We spent close to $18k on home repairs and improvements. Most of these expenses were upgrades. That was a good call because once we’re ready to sell the house to move south, we won’t have to make any upgrades. And we get to enjoy them while we live there.
It was also good timing because had we put that money into the stock market, it would have evaporated. Now the property is mostly renovated and ready to sell at any point.
When the market is overvalued, is a good time to diversify, pay off a mortgage and make home repairs.
Before and after photos of repairs
Powder room remodeling
The powder room in the basement also got an upgrade.
New roof install
Ceiling and wall repairs
Making of a smarter home
Garage opener replacement
The garage opener replacement broke during the summer. A company wanted $250 to install it so I ended up doing it myself and learned a new skill.
Enjoying our home
It took some work to get us to the point of being able to fully enjoy our home. We still have a few minor projects to finish up when we go back but nothing compared to what we’ve done so far.
Food & Dining
We cook a lot at home but we also buy quality food and it’s not cheap. If you want wild-caught salmon, and not from China, you’re going to pay a lot more. At some point, we were buying salmon from Aldi but stopped as soon as we noticed it was coming from China.
We don’t restrict ourselves when it comes to good food, but since we spend little on other categories, our overall budget evens out.
2019 was the first year that we traveled unrestricted for time. At the beginning of the year, we spent about 3 weeks in Florida. Then we traveled to Europe for almost two months in the summer and then drove to Florida again in late November.
We kept our travel expenses down to $8k because we used reward points for flights and hotels.
We got the child tax credit of $2,000, which we applied directly to our child spending and that brought it down to $3,278. This was high spending because we hired a babysitter while we were working. She was awesome! :*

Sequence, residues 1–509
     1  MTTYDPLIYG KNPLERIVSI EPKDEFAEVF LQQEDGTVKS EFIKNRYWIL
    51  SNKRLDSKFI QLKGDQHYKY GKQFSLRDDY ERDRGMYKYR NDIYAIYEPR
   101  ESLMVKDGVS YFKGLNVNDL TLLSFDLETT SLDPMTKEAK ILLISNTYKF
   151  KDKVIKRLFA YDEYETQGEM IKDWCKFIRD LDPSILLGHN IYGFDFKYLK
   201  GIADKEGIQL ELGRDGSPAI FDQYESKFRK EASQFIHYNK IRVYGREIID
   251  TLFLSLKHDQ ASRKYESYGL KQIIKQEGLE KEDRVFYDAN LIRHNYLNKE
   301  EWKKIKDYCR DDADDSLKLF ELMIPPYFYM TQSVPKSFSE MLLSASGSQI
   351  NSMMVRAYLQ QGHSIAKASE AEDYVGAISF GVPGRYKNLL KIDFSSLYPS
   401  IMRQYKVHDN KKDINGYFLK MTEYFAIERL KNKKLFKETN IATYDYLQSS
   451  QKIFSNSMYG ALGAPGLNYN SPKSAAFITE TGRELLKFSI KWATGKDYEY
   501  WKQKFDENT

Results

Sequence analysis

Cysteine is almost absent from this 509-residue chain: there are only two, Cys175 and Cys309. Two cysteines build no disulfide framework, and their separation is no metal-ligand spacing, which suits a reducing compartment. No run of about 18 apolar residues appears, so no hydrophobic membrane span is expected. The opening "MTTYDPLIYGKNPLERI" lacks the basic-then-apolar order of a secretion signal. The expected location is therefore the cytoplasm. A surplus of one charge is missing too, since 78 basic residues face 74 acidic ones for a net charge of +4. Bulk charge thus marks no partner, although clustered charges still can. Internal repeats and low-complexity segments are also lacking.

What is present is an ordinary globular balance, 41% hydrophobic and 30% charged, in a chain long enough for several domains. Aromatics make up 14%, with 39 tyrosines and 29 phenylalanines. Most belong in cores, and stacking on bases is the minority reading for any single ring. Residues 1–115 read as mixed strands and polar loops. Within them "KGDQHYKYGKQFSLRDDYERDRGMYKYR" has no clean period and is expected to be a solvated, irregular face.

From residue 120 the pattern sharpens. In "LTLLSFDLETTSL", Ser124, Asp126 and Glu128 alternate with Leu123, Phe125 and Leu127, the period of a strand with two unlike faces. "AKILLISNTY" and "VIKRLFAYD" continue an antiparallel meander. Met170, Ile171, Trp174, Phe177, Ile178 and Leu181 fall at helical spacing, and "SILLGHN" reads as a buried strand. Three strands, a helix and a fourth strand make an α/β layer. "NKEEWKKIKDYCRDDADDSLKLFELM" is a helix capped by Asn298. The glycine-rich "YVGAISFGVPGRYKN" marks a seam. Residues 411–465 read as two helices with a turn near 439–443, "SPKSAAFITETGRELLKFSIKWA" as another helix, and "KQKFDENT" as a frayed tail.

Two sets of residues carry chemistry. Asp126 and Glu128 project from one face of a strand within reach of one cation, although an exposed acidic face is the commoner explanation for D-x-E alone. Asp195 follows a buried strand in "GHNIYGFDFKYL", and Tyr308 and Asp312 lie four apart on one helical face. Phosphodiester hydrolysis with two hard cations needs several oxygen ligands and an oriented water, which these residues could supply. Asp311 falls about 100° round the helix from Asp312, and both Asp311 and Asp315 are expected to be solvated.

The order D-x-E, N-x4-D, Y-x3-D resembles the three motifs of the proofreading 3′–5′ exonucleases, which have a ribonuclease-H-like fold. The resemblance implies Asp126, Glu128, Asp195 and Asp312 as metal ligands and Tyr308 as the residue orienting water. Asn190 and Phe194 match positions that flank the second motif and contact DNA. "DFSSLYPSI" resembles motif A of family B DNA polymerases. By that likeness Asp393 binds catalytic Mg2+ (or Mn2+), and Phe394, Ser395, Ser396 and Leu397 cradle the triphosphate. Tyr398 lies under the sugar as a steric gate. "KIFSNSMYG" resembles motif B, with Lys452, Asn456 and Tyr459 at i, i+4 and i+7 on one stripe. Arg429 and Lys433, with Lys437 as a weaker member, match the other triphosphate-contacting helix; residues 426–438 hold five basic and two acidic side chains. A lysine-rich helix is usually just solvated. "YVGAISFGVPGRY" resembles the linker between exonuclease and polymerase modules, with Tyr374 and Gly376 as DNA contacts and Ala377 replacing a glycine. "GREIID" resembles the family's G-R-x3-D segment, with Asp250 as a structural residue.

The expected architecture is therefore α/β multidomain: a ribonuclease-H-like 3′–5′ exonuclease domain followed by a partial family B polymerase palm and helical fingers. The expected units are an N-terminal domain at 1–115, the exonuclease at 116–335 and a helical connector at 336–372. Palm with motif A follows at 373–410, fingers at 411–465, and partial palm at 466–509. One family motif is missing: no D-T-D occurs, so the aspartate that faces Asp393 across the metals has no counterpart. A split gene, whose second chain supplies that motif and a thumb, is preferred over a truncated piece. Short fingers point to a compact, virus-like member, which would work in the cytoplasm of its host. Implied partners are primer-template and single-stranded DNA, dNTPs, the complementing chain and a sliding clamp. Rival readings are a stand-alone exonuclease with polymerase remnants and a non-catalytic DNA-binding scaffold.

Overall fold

Auto & Transport
We still drive our ’07 Camry. We had to make some repairs, but it’s still kicking. It droves us to Florida for a second time! $3,000 is what we usually spend per year on auto expenses.
What’s not included in the spending report
- Income tax is not included.
- We also exclude blog expenses even though they’re minor and we don’t break even. This is just a hobby for now.
- We don’t have any debt, so there are no interest payments to show for any balances.
Final thoughts on 2019
There were no major surprises for us in 2019 as far as spending. If you have questions or need more details on how we go about spending, you can comment below.
Could we spend less?
We could spend less on food and dining but we don’t feel that we have to. We also don’t eat out as much, but when we do, we go to restaurants that provide quality food. As a result, we end up spending more per visit.
Our fast-food joint is Chipotle.
We are okay with spending more on this category because being FI is about having choices and spending more where it matters to you. Health and food go hand in hand.
Cut the fat where there’s a lack of happiness and spend more on what really matters.
A look ahead
Since this year we’re not spending on full-time babysitting and major repairs, we’re confident that we can keep our spending for 2020 under $40,000.
We have three months of data to support that level of spending. Therefore, we’re feeling very confident that our first full year of early retirement spending can be kept below a 4% withdrawal rate.